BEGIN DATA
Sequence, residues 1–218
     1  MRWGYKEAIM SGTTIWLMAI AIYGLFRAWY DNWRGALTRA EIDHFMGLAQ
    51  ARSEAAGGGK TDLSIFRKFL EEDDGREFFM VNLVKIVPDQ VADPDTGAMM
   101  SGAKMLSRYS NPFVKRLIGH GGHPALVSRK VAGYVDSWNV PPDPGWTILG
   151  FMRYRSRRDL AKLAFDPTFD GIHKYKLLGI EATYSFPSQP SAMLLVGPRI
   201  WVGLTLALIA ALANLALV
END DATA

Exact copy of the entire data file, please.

Sequence, residues 1–218
     1  MRWGYKEAIM SGTTIWLMAI AIYGLFRAWY DNWRGALTRA EIDHFMGLAQ
    51  ARSEAAGGGK TDLSIFRKFL EEDDGREFFM VNLVKIVPDQ VADPDTGAMM
   101  SGAKMLSRYS NPFVKRLIGH GGHPALVSRK VAGYVDSWNV PPDPGWTILG
   151  FMRYRSRRDL AKLAFDPTFD GIHKYKLLGI EATYSFPSQP SAMLLVGPRI
   201  WVGLTLALIA ALANLALV